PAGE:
This is the story of a lunch. A fishes-and-loaves feast, or maybe a big pot of stone soup.
A glorious sunshine day, cool in the shade, breezy. The kind of day we Chicagoans live here for. A vast expanse of green, grassy patches punctuated with stands of trees, a hill, playground equipment, a fountain.
Calm, relaxed children, crocheting on a blanket in the shade with a mom.
A gaggle of ball boys playing a game that looks suspiciously like Calvin Ball. Watched unobtrusively by a dad and a mom from a shaded perimeter.
Children casting handcrafted stick fishing poles in the fountain's pool.
I arrived at the end of lunch time. Some children still sat on blankets, quiet, eating together. Others were herded off to a bathroom trip in the adjacent neighborhood club building. Several new parent volunteers were arriving, as others came to check their children out of camp for the day.
8:30 to 3:30, two meals and snacks, organized art instruction and group games and reading, free of charge, in a Hyde Park park, for as many children as showed up today. And tomorrow. And the day after that, as long as is necessary.
"We wanted to give parents an alternative," said Joy Clendenning, Hyde Park parent and one of the volunteer coordinators. "It's very upsetting that our public school system would put families and children in the position of having to consider crossing a picket line."
The idea for Solidarity Camp emerged in fits and starts over a period of just a few days. It began with the current Ray School PTA president's appeal on curriculum night last week: if you can, Lisa Samra urged, please consider taking a few extra kids into your home in the event of a teachers' strike.
This led to a shared concern among a few parents that kids should not have to cross a picket line. As it turned out, Ray School was to be one of the CPS "Children First" schools. Ray parents did not want families to have to face crossing a picket line and settle for "Children First," a clearly stop-gap emergency plan that can best be described as heavy on the security personnel.
At this point Laura Shaeffer got involved. Another Hyde Parker and Ray parent, Laura runs the Southside Hub of Production (SHoP) in Hyde Park, an artist coalition/gallery/concert venue/art instruction center that may be unique in the world. Laura herself is an artist/artist organizer/art educator/community creator and the founding chief of SHoP. Marshaling resources and meeting needs in creative ways is the business of her life. This idea, as it grew, was a no-brainer to her.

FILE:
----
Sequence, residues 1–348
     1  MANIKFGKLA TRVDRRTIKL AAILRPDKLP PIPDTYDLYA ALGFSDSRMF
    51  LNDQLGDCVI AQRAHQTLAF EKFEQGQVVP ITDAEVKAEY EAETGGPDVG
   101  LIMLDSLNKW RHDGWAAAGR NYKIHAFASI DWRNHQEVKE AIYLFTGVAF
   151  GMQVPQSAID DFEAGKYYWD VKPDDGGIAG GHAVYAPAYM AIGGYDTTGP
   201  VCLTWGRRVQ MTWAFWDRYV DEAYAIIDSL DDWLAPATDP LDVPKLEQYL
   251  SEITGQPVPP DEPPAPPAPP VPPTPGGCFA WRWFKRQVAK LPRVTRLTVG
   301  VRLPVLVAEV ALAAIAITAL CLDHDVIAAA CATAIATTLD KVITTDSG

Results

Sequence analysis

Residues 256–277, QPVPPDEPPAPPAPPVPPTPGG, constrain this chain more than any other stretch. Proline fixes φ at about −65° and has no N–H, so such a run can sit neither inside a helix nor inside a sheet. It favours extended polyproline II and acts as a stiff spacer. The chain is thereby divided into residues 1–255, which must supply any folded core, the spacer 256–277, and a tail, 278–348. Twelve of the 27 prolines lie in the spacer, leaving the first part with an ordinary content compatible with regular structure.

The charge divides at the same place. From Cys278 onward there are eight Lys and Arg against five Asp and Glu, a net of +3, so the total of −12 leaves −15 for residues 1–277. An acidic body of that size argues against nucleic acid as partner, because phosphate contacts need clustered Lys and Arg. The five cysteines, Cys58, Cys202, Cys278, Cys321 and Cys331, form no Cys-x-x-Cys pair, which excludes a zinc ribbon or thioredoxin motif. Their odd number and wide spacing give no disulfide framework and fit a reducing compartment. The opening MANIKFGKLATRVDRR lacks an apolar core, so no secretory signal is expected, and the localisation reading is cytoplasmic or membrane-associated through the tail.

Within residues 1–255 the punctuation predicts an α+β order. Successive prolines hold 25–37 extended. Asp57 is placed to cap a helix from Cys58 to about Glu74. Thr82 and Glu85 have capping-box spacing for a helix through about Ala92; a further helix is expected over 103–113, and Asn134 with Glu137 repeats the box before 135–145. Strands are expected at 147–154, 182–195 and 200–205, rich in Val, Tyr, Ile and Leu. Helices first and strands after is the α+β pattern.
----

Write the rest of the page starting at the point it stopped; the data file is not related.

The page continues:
But Lisa wondered who would be willing to participate. "Who would leave their kids with people they didn't know?" Well, as she tells her own children, if they are ever lost, they are to find a mom with children to help them. People might leave their kids, she reasoned, with moms.
That's what Solidarity Camp is, mainly. Moms, parents, friends, and neighbors, serving neighbors. 24 today, to be precise. Watching 36 kids.
They were ready for more. They were ready for anything. "We were all pretty nervous. What's this going to look like?" Lisa shared. "We may receive criticism, it may be a total flop." She paused. "But it shouldn't stop us from trying."
"We know the obvious criticisms, the questions. We've heard them 100 times just today," Laura said, smiling, to the 101st person to raise liability objections. "It's a problem if we make it a problem. But we also know that neighbors can take care of each other when they need to."
"We're so used to needing an institutional umbrella," Lisa added.
But sometimes, it turns out, we don't.
Sometimes, when we live in a healthy close-knit community, all we need to do is put out a call through email, make some plans, and rely on one another. Late Saturday night an email requesting volunteers and food in the event of a strike was sent out through several neighborhood lists. By Sunday at 4 p.m. they not only had their 24 volunteers but they had enough food for 30 kids--their target number--for 3 days.
This included several loaves of bread, a large fruit salad, sliced cheeses, bananas, grapes. "People would text on their way to Costco: 'what do you need?'" Joy related how quickly it came together. "A friend of a friend of a friend was in Trader Joe's and just happened to ask for a donation. Trader Joe's said yes."
Fenn House, the home of SHoP on Woodlawn near 57th Street, was the food drop-off location. And at 11 a.m. today, there were enough volunteers in the park that a few could go over to Fenn House, make lunch, and bring it back to the park at noon.
Fresh fruit, sandwiches, cheese, cold water--a very nice picnic repast. A good sight better, I need hardly to add, than the average CPS school lunch. But that is a subject for another day. For now, neighbors have come together to serve neighbors who might not have other options, might not want the option they were offered by CPS.
These folks, these stone-soup-making, solidarity-oriented folks, have a habit of serving their schools. They love their teachers, stand behind them and with them, want to support them. They support CTU efforts to receive for their schools and themselves those things which make teaching effectively a possibility at all. They want to make it possible for every local family to be able to choose not to cross a picket line. And if, to help accomplish this, they need to organize a few dozen parents and community members, supply some yarn and books, and make a pile of sandwiches--well, it's all in a day's work, and it's the least they can do.
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